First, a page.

All this talk about health, yet how often do we stop and articulate what it is, exactly? When this concept remains unexamined, we usually default to a negative definition, namely, that we define health in terms of what we don’t have : symptoms. Yet there is something profoundly unsatisfying with this definition. Likewise, such an unconscious and negative definition of health is part of what props up such a poor system of healthcare, which defines success as the removal of a symptom, regardless of how it is done, and whether the patient’s overall health increased or decreased in the process.
Many who do take care of their own health engage in many positive nutritional or lifestyle choices, yet beyond some sense of having more “energy”, their definition of health usually doesn’t seem to go beyond the activity itself. The worst side of this is when you come to realize all of the deep fear that may be driving much of these behaviours, as a way to postpone illness or death, but not so much to engage more deeply in living.
So if we’re looking for a definition of health which isn’t negative (an absence of symptoms), and isn’t defined by an activity, such as a chosen diet or lifestyle, then how are we to define health more constructively? Studying the genial writing of Dr. Hahnemann usually offer rewards which match the effort put in. Let’s have a look at some of what Dr. Hahnemann said about health in his primary text, The Organon:
Aphorism 9: In the healthy human state, the spirit-like Living Power (Autocracy) enlivening the material body (organism) as Dynamis holds sway unrestrictedly and keeps all of its parts in admirable, harmonious, vital operation in both feelings and functions, so that our indwelling rational spirit can freely avail itself of this living healthy instrument for the higher purposes of our existence.
That sentence is some mouthful! Dr. Hahnemann was obviously of a pre-Twitter generation. Let’s have a look at some of the concepts it contains. Overall, there seems to be a concept of a balanced, harmonious functioning as part of health. That sounds close to how most of us would talk about health now.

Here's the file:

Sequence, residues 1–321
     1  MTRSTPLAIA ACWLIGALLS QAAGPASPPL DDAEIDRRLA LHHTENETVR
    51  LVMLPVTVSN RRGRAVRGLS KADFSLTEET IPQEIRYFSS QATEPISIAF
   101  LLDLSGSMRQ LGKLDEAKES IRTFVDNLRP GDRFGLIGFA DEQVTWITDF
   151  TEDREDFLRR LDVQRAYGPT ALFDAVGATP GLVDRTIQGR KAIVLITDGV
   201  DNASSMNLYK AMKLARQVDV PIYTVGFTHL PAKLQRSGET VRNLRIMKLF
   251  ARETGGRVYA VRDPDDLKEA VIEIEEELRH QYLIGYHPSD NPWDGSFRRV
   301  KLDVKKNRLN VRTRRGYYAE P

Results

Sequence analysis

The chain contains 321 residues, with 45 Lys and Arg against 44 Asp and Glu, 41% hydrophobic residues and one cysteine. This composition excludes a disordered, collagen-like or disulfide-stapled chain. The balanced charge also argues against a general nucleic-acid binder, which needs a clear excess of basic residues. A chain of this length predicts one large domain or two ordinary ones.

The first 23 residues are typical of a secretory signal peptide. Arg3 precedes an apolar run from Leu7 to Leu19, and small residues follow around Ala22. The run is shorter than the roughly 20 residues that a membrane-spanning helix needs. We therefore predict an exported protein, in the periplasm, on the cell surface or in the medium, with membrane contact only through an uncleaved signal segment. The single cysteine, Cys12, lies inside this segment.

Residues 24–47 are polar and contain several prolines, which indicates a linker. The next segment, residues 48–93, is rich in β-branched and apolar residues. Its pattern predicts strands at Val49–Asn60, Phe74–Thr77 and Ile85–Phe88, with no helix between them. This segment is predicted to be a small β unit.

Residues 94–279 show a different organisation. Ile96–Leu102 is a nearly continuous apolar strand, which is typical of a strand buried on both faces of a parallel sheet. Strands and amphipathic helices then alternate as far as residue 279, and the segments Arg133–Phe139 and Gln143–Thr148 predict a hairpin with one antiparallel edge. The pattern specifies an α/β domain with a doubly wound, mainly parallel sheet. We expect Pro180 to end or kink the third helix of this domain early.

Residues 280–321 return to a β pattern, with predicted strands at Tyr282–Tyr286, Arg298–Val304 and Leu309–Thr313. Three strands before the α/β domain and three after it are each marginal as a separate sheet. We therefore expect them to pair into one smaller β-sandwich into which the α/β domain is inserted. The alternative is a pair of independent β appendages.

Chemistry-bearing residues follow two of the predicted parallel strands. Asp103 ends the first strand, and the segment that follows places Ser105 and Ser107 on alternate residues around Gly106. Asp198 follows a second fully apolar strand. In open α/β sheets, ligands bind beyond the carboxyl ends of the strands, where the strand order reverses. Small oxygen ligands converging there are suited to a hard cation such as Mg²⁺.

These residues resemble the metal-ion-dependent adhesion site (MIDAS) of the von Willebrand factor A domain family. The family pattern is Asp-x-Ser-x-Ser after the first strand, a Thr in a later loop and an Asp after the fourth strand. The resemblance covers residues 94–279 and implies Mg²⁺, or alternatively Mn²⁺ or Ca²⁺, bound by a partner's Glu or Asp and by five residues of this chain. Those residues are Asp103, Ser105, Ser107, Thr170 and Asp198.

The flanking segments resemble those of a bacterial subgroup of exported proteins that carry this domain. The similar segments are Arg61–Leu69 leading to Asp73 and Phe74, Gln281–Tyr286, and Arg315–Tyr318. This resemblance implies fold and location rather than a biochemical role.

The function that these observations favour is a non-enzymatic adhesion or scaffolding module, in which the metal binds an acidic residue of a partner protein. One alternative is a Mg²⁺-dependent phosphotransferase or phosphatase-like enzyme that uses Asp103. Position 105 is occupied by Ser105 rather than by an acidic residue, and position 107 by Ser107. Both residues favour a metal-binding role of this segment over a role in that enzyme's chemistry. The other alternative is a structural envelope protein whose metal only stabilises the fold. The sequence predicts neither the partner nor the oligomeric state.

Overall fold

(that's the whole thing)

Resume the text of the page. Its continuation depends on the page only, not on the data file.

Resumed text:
But what about the latter part of this sentence? It is saying that in health, “…our indwelling rational spirit can freely avail itself of this living healthy instrument for the higher purposes of our existence.” How often have you heard anyone define our health in terms of using it to achieve our higher purpose in life? How many doctors are diagnosing their patients’ level of health on the basis of whether they are achieving their life purpose, or not?
Occasionally I’ll use a similar tactic when interviewing a patient, to gain some clarity about the nature of their illness, and how it is interfering with their life. I’ll ask them to imagine and describe to me what their life would like be without their illness. All kinds of emotional revelations are expressed at this point. Instead of seeing their illness as a set of physical symptoms, suddenly they are invited to see how their illness is keeping them from activating their full potential. They may realize in this moment how emotions such as fear may be subconsciously keeping them ill, if their dreams and desires seem too big to tackle.
To what degree is your health hindering or supporting you in achieving “the higher purposes of [y]our existence”?
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